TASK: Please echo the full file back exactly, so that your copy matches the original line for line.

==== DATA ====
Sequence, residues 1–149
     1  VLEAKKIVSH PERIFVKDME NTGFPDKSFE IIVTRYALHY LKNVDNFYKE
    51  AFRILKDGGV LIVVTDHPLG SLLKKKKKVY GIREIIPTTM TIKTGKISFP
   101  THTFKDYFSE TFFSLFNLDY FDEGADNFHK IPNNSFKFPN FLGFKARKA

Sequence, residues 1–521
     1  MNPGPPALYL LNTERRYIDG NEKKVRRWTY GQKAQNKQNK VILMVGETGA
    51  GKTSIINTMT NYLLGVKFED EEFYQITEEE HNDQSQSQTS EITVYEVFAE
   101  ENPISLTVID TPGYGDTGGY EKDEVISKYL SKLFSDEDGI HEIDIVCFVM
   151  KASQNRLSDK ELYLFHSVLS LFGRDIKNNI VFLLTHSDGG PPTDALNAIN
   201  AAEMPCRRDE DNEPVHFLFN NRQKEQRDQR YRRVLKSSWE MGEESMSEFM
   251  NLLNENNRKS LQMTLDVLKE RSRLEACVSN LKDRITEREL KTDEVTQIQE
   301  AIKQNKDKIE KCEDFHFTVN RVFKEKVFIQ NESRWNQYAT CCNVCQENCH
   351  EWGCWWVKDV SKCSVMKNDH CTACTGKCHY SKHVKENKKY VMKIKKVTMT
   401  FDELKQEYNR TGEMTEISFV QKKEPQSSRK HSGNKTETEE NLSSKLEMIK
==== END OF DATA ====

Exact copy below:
Sequence, residues 1–149
     1  VLEAKKIVSH PERIFVKDME NTGFPDKSFE IIVTRYALHY LKNVDNFYKE
    51  AFRILKDGGV LIVVTDHPLG SLLKKKKKVY GIREIIPTTM TIKTGKISFP
   101  THTFKDYFSE TFFSLFNLDY FDEGADNFHK IPNNSFKFPN FLGFKARKA

Sequence, residues 1–521
     1  MNPGPPALYL LNTERRYIDG NEKKVRRWTY GQKAQNKQNK VILMVGETGA
    51  GKTSIINTMT NYLLGVKFED EEFYQITEEE HNDQSQSQTS EITVYEVFAE
   101  ENPISLTVID TPGYGDTGGY EKDEVISKYL SKLFSDEDGI HEIDIVCFVM
   151  KASQNRLSDK ELYLFHSVLS LFGRDIKNNI VFLLTHSDGG PPTDALNAIN
   201  AAEMPCRRDE DNEPVHFLFN NRQKEQRDQR YRRVLKSSWE MGEESMSEFM
   251  NLLNENNRKS LQMTLDVLKE RSRLEACVSN LKDRITEREL KTDEVTQIQE
   301  AIKQNKDKIE KCEDFHFTVN RVFKEKVFIQ NESRWNQYAT CCNVCQENCH
   351  EWGCWWVKDV SKCSVMKNDH CTACTGKCHY SKHVKENKKY VMKIKKVTMT
   401  FDELKQEYNR TGEMTEISFV QKKEPQSSRK HSGNKTETEE NLSSKLEMIK